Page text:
Even as we applaud the use of crowdsourcing to find terrorists such as those who bombed the Boston Marathon, we must caution over the sharing of uncorroborated accusations and “news” via social media.
CNN famously got a lot wrong both during and following the initial Boston Marathon bombing crisis, including sending out updates that erroneously stated that the police already had a suspect in custody. And if a major news outlet is fallible and can mislead the public, just imagine how badly untrained but eager-to-help social media users can screw things up.
And screw up they did, when spreading the picture of Moroccan teenager Salah Barhoun around as a suspect in the Boston Marathon bombing.
And as if it wasn’t bad enough that his picture was being tagged all over the Internet as one of the suspects, the New York Post featured his picture on the front page, under the headline “Bag Men”!
Salah’s younger brother said that the misidentification made their mother sick and upset, explaining that “It made her think he had done something wrong. My brother is not the bomber.”
Said Barhoun, on his Facebook timeline just before going down to talk with authorities to clear his name, “Going to the court right now!! Shit is real. But u will see guys I’m did not do anything.”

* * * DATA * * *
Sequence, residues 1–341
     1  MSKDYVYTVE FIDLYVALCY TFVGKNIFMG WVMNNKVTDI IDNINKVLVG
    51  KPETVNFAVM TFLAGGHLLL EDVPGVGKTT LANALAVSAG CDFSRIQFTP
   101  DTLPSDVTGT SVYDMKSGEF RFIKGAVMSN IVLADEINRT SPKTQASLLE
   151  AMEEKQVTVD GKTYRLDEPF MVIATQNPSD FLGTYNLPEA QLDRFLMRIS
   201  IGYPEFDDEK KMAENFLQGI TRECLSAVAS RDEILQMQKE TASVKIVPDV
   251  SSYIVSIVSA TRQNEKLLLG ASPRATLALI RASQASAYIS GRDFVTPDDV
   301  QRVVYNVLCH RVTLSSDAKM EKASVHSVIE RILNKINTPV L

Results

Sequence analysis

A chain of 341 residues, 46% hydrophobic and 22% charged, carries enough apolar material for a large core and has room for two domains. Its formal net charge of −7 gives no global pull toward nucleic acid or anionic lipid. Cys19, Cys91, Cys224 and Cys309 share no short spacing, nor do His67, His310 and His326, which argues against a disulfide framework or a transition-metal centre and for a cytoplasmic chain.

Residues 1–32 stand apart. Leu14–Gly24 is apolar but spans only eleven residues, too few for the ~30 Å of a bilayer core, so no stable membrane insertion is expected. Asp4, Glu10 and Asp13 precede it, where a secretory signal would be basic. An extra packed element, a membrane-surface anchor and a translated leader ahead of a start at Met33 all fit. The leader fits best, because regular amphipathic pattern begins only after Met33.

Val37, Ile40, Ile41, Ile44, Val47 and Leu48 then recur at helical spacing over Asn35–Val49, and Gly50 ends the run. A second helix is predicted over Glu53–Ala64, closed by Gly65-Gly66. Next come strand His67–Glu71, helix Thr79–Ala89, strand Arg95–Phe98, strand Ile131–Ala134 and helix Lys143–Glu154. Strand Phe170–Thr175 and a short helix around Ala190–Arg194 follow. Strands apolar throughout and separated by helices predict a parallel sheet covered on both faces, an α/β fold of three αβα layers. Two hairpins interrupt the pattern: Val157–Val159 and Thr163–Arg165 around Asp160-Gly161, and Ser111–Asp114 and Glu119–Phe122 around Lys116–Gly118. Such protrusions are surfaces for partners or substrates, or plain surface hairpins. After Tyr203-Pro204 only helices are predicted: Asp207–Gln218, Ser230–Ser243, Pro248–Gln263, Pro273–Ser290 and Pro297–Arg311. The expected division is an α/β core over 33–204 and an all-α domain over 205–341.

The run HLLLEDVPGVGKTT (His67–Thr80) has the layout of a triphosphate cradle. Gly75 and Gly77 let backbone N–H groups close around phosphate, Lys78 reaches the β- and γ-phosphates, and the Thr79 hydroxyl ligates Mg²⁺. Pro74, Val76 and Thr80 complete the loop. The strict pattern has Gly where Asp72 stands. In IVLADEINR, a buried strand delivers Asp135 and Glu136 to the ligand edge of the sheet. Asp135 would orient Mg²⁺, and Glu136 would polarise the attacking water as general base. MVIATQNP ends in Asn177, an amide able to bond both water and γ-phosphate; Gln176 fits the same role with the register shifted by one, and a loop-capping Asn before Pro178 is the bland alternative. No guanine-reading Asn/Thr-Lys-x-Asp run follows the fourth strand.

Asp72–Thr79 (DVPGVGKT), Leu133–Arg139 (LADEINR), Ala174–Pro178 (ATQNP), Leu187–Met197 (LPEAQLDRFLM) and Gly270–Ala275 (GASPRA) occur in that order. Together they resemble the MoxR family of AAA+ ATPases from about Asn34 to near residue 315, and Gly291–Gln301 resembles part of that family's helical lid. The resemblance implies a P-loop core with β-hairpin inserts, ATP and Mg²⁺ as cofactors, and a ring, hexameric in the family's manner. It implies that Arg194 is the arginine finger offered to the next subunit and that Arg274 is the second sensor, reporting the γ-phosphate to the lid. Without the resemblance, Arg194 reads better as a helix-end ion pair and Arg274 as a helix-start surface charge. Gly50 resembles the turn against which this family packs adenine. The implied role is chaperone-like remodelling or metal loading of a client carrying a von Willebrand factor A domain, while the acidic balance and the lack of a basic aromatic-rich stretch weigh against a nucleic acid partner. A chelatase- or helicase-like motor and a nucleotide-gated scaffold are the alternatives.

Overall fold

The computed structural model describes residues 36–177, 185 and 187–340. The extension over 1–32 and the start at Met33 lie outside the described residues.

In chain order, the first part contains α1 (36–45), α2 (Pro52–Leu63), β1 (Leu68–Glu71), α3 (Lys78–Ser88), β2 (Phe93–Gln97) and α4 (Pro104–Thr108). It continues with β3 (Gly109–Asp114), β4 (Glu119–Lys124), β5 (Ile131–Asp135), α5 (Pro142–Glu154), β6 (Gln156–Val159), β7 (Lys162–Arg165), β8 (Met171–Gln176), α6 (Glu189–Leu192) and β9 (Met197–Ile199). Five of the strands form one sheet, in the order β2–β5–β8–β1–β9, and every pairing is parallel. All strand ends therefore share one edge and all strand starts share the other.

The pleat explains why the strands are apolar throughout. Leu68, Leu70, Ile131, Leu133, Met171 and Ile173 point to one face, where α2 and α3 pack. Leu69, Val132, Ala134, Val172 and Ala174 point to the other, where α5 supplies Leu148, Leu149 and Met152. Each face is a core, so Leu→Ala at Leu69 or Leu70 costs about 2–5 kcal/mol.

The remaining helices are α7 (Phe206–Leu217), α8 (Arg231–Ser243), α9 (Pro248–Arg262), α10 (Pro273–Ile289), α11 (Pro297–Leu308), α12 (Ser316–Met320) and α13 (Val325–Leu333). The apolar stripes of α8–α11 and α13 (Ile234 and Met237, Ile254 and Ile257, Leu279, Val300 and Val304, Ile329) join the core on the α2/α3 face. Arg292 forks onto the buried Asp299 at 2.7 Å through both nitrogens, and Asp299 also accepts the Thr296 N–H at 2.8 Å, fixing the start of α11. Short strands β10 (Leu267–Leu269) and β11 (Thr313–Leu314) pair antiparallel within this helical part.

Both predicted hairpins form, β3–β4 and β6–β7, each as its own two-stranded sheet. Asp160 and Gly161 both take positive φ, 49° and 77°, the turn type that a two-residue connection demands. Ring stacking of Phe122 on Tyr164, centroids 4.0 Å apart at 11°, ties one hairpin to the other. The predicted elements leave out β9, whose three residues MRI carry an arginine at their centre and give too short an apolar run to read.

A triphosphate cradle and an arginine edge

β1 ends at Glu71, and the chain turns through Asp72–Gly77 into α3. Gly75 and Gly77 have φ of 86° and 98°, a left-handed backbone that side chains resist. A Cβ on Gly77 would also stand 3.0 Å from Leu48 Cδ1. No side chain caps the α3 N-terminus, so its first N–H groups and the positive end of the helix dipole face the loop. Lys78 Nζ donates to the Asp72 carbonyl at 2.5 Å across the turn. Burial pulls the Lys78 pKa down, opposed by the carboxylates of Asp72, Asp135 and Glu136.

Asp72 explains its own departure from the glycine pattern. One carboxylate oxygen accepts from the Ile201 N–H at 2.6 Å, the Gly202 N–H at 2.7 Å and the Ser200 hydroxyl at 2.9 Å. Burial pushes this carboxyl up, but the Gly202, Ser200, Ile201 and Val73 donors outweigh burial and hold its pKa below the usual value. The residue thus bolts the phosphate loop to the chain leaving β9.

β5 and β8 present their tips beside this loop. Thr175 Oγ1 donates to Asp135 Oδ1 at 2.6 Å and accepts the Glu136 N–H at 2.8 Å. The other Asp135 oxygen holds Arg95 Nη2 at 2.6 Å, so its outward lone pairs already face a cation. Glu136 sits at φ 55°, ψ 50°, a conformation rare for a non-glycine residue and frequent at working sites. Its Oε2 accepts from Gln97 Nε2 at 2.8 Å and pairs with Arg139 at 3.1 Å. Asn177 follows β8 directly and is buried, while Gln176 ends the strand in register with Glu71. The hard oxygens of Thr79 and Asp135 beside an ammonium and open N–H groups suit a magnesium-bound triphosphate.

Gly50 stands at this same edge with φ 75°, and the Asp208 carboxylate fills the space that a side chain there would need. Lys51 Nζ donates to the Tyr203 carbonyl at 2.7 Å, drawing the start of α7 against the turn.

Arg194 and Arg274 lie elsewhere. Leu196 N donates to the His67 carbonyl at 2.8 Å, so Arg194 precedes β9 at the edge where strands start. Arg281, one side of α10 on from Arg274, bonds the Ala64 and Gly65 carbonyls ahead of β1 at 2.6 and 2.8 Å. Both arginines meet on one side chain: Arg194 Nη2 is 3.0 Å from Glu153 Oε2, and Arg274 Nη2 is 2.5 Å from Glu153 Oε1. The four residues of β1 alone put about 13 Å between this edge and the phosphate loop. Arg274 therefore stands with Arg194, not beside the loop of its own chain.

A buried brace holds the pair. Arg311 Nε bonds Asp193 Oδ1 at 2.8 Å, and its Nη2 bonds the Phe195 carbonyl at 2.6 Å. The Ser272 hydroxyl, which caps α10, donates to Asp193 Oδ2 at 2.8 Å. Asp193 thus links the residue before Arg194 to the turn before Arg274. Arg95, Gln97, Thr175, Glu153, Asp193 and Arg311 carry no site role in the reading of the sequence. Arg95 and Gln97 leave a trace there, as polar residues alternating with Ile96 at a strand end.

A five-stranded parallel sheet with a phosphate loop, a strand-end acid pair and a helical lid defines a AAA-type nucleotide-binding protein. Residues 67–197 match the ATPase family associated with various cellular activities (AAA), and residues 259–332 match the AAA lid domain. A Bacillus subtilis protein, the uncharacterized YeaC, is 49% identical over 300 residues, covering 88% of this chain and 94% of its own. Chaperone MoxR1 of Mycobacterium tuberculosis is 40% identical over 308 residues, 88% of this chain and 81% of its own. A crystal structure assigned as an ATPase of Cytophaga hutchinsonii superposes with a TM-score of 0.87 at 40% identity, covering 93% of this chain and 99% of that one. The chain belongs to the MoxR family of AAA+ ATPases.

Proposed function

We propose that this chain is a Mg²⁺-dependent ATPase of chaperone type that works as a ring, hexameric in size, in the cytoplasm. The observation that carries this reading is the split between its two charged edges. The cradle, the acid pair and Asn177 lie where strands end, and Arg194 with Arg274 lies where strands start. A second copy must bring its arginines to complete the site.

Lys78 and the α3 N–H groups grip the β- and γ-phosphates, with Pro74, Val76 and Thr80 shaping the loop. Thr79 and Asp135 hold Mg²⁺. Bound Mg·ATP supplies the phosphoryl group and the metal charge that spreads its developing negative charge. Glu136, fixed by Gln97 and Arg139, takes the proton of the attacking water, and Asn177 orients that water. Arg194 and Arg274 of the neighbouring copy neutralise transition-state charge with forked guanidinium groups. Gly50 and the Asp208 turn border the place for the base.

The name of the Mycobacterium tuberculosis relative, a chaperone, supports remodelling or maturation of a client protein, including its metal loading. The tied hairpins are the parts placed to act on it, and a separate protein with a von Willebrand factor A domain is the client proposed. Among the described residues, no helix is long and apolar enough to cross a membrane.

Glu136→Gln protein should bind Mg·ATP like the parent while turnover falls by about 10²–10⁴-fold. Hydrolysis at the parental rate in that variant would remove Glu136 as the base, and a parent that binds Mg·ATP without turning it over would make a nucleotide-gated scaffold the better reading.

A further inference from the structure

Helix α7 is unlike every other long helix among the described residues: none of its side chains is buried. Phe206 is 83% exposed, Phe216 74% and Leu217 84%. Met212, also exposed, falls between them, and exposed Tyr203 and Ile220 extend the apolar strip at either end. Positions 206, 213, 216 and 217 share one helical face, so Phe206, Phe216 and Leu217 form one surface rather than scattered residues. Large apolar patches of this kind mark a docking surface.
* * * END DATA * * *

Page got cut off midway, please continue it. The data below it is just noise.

Barhoun’s Facebook friends had plenty of advice for him, ranging from “Careful dude. The whole internet is watching you right about now,” to “Your picture have been blasted all over reddit and 4chan. You need to set the record straight, private your account and most importantly stay safe.”
Still another friend advised “I recommend making your profile private immediately. It has been discovered by social media and you may receive abusive inbox’s etc.”
Of course, by then it was already too late, and Barhoun’s picture was everywhere. Including the front of the New York Post.
This is eerily reminiscent of when Sandyhook shooter Adam Lanza’s brother Ryan Lanza was first misidentified as the Sandyhook shooter, and various outlets and social media started pointing to Ryan Lanza’s Facebook profile, saying that he was the shooter.
The point is, the power of the masses on social media can be leveraged to help in situations like finding the Boston Marathon suspects.
But, as always, with great power comes great responsibility (or, at least, it should) and in this case the responsibility is to be darned sure before you identify someone as a suspect in a crime.